Door sill covers: there is a small plastic fastener just to the rear of the B pillar to pull out, and a screw under where the back seat bottom was. With these out, a few good steady pulls here and there will snap these off the nasty metal clips that hold them in place. Try not to break the two pieces apart - they are melted together at the factory, and reinstall much better if they are still "as one."

"B" pillar covers: these are pretty easy because they snap into place, but you do have to undo the lower seat belt bolt to slip the belt through the cover and remove it. It is a good idea to mark the belt setup somehow so you align it properly afterwards (i.e., no kinks while wearing).

Kick panel covers: each has one hidden screw in an inch deep hole under the carpet (if they are carpeted - my grey ones weren't), and the driver's side one is also held down by the hood release cable bracket. This can be undone and left hanging, and still used, if necessary.

Carpet: if you have reached this stage, there is very little to get in the way of taking out the carpet to clean it or replace it. Pull out the plaastic rear seating air diffusers to the rear. neaten up all the wiring that comes through holes in the carpet for the seats, etc. Undo the screws holding the plastic driver's right foot guard thing and remove it. Rip it out. Actually, it is really hard to get out the carpet intact, since it goes under a bunch of things we have not removed at the forward end of the tunnel. I cut my new one to obtain it neatly along the drivers side of this clutter. I ended up doing a similar cut on the passenger side to install it, since I couldn't push it under all that junk easily. These missing areas are well covered by all the console bits, though, so it's ok. Removing my old carpet, knowing I had a nice one to go in, all washed and pretty, was fun - I just hacked it and tore it until it was all gone. It tore well, since it had been wet one too many times and was a bit "delicate".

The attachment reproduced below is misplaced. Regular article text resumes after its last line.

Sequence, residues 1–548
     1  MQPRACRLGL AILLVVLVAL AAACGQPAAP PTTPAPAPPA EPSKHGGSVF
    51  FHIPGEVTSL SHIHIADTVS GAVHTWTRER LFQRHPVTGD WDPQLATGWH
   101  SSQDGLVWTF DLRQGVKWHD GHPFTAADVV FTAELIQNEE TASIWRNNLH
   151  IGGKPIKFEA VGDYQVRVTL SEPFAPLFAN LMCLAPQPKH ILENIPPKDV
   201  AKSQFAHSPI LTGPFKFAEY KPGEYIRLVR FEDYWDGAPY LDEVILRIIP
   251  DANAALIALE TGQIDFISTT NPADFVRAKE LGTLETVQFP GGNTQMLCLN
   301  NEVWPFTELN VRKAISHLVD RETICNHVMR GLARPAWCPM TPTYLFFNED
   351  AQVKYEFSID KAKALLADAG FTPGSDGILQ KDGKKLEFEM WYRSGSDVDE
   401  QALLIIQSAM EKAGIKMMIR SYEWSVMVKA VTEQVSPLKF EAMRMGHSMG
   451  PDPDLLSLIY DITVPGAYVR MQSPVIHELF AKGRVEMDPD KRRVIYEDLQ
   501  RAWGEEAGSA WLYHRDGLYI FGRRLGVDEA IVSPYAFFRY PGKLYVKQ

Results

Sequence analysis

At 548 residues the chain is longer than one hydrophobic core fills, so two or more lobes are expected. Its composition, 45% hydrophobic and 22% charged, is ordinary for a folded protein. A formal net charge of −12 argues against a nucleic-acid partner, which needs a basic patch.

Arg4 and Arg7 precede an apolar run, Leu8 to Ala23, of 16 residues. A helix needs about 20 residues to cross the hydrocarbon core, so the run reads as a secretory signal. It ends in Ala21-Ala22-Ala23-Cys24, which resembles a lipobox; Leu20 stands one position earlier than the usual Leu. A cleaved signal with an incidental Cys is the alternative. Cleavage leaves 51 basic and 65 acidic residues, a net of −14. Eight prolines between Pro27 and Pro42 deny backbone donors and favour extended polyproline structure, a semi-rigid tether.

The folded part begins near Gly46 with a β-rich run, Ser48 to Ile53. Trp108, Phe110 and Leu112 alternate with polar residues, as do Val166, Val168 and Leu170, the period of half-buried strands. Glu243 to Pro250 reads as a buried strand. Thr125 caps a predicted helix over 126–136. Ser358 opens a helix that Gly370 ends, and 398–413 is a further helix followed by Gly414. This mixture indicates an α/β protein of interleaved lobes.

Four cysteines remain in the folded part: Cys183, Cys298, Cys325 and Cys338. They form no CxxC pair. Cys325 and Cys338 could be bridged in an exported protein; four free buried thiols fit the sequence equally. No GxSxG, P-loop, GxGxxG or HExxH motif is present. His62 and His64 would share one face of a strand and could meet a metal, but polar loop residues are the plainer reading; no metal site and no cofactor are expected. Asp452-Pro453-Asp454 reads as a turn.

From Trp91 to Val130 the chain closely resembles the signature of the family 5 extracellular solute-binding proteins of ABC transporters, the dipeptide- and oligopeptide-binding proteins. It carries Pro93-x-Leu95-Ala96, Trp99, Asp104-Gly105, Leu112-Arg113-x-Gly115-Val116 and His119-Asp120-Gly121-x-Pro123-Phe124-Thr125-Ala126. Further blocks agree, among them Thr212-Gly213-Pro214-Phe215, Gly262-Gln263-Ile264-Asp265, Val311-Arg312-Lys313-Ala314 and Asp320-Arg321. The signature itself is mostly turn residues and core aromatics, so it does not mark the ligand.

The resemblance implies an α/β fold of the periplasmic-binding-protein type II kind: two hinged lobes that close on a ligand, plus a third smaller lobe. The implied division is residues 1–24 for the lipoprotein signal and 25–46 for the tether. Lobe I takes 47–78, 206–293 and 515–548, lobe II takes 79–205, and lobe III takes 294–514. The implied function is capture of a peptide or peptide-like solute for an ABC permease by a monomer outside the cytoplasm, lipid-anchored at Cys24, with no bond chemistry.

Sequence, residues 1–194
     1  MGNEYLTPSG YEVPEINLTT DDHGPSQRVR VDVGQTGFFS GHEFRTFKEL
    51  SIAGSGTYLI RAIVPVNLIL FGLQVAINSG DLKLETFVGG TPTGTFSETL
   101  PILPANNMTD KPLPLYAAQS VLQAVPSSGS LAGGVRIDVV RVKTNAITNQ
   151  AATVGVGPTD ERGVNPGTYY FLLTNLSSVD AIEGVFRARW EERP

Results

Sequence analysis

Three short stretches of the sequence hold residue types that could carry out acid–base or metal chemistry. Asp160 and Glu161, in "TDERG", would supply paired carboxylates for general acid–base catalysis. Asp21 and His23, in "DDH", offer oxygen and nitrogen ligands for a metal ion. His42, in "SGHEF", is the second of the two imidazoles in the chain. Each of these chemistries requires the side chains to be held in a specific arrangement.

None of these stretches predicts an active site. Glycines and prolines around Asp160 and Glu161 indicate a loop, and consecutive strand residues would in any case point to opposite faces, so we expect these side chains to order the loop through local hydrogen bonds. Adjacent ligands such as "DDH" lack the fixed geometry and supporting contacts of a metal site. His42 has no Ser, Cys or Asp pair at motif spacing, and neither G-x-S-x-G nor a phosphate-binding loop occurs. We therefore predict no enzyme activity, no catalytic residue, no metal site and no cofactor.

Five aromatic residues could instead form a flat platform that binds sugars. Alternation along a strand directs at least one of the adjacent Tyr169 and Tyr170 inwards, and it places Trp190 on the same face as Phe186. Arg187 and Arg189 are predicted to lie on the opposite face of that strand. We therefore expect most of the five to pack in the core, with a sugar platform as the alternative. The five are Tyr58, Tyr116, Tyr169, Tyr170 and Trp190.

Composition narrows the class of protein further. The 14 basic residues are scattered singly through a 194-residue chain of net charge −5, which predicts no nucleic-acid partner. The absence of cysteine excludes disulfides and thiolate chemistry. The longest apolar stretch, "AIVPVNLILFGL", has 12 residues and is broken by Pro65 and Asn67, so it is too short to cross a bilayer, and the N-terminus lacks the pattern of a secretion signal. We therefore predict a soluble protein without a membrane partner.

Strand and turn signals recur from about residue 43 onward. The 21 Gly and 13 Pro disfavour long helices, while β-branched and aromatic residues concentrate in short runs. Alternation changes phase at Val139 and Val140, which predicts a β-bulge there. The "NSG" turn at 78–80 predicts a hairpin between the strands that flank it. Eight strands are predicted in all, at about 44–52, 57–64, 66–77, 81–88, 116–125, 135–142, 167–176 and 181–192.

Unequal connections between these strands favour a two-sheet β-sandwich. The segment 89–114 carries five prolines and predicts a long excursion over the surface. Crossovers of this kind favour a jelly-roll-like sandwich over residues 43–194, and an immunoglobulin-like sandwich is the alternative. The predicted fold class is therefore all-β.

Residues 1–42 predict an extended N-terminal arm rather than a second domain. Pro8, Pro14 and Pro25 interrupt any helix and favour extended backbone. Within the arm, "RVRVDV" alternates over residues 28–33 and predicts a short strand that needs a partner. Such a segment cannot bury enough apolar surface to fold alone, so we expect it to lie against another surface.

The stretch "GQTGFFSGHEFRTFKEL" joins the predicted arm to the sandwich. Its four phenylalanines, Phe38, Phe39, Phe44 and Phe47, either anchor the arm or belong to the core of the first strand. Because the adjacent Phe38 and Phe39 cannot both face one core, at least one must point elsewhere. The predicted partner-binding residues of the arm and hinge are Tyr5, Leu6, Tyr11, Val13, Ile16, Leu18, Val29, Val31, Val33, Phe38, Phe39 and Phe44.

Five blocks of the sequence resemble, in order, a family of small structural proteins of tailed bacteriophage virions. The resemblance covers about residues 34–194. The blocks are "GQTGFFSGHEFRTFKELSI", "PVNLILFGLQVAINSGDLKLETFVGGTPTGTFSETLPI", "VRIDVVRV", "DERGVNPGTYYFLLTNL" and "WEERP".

While your car looks like someone's bad idea of a parts car, do whatever maintenance or installation work is now easy.

I replaced a cantankerous fresh air fan and installed some nice stereo gear.

My carpet underfelting was a disaster on the passengers side due to the mentioned soakings. I tore out most of the floor part, and some on the driver's side, and replaced it with crudely cut and shaped bits of 1/2" foam carpet underlay (the same stuff that is shown plugging up trunk air leaks in the stereo install file).

Installation, as they say, is the reverse of removal...